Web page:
Open restaurant kitchens can improve meal quality
When chefs could see their customers, diners scored meals higher
The open kitchen is increasingly common in the restaurant industry. It might be a result of a trend toward smaller, more casual restaurants. They're also a bit louder, sometimes downright chaotic, and the cooking itself is part of the ambience.
But a surprising side benefit of the open kitchen design is that the food may be better.
It all comes down to the fact that kitchen workers can see their customers, said Ryan Buell, a professor at the Harvard Business School.
"This transparency, allowing customers to see the chef and allowing chefs to see customers ... doesn't just yield an aesthetic benefit for the customer," he explained. "It actually meaningfully alters the way the chef experiences their job, and in turn, the effort they are willing to exert and quality of the product and the experience of the customer."
Buell is an expert in something called operational transparency. Among other things, he studies ways to make behind-the-scenes work more visible.
In the case of restaurants with open kitchens, that transparency has been happening for years. But Buell set out to measure whether food quality actually improves if chefs can see their customers.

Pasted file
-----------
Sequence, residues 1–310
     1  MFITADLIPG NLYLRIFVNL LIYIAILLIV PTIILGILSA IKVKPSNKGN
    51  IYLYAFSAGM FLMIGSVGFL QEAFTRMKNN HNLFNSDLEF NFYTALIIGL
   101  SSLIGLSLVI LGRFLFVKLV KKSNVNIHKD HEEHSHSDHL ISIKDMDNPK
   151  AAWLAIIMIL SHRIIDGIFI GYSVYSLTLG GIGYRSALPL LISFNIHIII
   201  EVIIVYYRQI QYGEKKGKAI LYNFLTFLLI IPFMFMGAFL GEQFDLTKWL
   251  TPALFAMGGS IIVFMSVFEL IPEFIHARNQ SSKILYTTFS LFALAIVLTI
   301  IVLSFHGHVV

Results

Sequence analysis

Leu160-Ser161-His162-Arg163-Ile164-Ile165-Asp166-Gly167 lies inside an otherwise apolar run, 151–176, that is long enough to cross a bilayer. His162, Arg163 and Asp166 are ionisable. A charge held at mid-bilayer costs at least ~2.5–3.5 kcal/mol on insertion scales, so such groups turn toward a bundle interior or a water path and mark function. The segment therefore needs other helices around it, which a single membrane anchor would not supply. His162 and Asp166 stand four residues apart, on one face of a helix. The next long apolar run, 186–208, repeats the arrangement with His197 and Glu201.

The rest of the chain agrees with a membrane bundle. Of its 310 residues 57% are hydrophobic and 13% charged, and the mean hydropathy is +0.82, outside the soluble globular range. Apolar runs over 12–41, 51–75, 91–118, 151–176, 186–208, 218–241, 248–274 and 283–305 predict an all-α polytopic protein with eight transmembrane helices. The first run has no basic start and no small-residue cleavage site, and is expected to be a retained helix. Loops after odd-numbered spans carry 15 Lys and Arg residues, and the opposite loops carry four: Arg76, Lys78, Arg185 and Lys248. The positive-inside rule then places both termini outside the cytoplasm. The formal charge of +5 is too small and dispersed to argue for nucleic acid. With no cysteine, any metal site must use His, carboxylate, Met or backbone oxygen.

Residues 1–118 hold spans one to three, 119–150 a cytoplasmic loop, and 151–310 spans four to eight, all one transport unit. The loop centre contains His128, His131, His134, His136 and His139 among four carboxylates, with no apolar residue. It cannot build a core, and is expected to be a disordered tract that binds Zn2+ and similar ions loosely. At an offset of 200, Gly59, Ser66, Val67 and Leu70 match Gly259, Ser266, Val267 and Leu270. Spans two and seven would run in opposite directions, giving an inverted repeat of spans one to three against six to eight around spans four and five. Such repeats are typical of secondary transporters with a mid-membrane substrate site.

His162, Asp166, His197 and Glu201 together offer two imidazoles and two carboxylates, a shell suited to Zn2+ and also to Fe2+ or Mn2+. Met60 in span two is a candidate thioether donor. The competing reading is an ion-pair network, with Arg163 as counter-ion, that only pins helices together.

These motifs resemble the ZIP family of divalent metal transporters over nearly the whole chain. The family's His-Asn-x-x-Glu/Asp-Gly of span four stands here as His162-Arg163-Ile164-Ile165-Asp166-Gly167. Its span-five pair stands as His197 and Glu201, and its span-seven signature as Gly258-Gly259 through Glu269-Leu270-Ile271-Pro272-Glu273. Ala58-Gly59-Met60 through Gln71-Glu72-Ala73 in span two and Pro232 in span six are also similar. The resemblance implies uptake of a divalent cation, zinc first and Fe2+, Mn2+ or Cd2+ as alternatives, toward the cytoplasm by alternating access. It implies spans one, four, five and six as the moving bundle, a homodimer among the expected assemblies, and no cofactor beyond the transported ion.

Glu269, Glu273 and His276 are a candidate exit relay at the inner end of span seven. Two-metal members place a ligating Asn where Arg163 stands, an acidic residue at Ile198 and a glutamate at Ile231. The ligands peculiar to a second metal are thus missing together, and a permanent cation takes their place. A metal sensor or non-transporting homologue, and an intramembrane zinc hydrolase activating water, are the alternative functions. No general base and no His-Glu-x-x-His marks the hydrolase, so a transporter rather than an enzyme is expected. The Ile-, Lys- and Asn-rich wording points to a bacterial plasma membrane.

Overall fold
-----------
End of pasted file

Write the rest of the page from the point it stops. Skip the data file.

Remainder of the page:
He experimented in a Harvard dining hall, which wasn't designed to allow kitchen staff to see the people they were cooking for. Buell set up iPads and video conferencing software so only the chef could see the customers.
"The satisfaction of the customers went up 10 per cent," Buell said. "So nothing was different for the customer, but all of a sudden they said the food tasted better."
Ryan Buell said quality was perceived to be even higher when both sides could see one another.
From a customer's perspective, Buell said a view of the chef provides a bit of entertainment, quality assurance and a sense of the effort that goes into a meal.
Buell added allowing the people doing the cooking to see customers provides a whole other benefit. "For the chefs, when they could see their customers they felt more appreciated. When they felt appreciated, they were willing to exert more effort and they were more satisfied with their jobs."
And Buell said it's not just about accountability or a sense that workers might feel obligated to perform better because they're being watched. That might be part of it, but he says his research shows a feeling of being appreciated is a much stronger driver of quality.